The Finance Minister, Ken Ofori-Atta, has indicated the government’s willingness to engage Organised Labour over their concerns on the debt exchange programme.
Several labour unions including the Trades Union Congress have kicked against the imposition of cuts on pension funds as part of the debt exchange programme aimed at supporting the country’s economic recovery.
They include the Ghana National Association of Teachers (GNAT), Ghana Registered Nurses and Midwives Association (GRNMA), the National Association of Graduate Teachers (NAGRAT), Ghana Medical Association (GMA), Ghana Chamber of Commerce and the Trades Union Congress (TUC).
The unions have therefore vowed to resist any attempt by the government to reduce the value of pension funds of their members which are in institutional bonds.
The TUC on Monday said its members would not be part of a programme that would worsen their plight and further plunge them into unimaginable hardship.
Secretary General of the TUC, Dr Yaw Baah, said: “ The TUC and all our affiliates have decided that the pension funds of our members will not be part of the Debt Exchange Programme…within one week, the government should ensure that all pension funds including SSNIT funds be exempted,” he said.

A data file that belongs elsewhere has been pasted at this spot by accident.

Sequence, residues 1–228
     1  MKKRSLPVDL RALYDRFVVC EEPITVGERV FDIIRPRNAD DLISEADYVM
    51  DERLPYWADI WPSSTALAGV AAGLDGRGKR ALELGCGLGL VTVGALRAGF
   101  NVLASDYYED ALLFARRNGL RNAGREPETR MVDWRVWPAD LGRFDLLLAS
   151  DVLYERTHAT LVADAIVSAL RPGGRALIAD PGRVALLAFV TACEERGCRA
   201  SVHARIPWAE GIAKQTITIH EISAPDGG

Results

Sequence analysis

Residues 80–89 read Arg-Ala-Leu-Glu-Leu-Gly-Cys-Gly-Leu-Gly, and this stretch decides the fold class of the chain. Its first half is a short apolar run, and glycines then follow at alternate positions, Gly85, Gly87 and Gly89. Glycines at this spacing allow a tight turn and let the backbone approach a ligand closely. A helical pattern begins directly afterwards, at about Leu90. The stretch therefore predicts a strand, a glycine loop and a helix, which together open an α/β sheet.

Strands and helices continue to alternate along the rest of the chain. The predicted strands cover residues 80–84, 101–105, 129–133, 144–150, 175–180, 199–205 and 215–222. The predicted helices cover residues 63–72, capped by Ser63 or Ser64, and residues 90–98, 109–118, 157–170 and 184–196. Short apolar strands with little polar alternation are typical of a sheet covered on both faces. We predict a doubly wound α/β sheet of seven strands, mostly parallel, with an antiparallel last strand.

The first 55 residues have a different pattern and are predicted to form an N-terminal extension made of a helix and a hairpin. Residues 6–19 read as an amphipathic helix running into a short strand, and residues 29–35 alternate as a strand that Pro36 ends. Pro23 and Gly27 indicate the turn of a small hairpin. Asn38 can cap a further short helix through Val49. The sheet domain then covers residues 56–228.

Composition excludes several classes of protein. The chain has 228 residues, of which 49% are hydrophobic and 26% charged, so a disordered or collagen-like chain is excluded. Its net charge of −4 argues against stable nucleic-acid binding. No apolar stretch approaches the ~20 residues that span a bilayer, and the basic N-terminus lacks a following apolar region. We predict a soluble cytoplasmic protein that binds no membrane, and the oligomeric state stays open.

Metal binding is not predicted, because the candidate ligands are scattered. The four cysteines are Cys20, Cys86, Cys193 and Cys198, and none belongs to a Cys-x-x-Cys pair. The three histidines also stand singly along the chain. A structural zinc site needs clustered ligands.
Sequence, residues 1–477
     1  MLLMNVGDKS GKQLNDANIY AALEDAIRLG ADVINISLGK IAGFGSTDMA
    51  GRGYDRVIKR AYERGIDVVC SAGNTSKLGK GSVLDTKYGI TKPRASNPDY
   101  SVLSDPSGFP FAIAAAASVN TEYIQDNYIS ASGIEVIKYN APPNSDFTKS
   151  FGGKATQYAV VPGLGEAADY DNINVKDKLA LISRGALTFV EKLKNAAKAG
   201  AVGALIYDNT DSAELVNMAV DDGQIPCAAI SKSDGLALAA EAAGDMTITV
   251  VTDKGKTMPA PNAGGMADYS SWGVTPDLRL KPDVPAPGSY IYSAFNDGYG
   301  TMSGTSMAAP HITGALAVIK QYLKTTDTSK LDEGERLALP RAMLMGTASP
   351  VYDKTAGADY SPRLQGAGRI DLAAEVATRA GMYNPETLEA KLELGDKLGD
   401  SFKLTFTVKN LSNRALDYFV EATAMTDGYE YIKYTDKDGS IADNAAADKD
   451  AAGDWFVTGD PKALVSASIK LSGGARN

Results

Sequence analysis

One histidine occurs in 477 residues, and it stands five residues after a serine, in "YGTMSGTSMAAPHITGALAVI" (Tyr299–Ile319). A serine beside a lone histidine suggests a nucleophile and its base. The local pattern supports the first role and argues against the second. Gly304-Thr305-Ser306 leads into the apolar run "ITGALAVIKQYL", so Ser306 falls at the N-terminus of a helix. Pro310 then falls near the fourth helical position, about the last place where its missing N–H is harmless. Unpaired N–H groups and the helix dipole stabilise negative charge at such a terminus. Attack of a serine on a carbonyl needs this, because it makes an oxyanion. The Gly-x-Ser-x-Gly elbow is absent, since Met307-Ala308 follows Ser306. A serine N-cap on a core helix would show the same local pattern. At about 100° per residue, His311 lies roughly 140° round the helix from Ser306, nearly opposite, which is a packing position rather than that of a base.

But speaking to Journalists on Tuesday, Mr Ofori-Atta said the government will continue to engage organised labour and come to a mutual understanding with them before the deadline for the debt exchange programme.
“We are certainly listening, we have had a lot of engagements and we will continue with the unions and really also all of us asking ourselves whether an orderly process to where we want to go is what we all seek and within that what sacrifices and burden sharing that we have,” Mr Ofori-Atta said.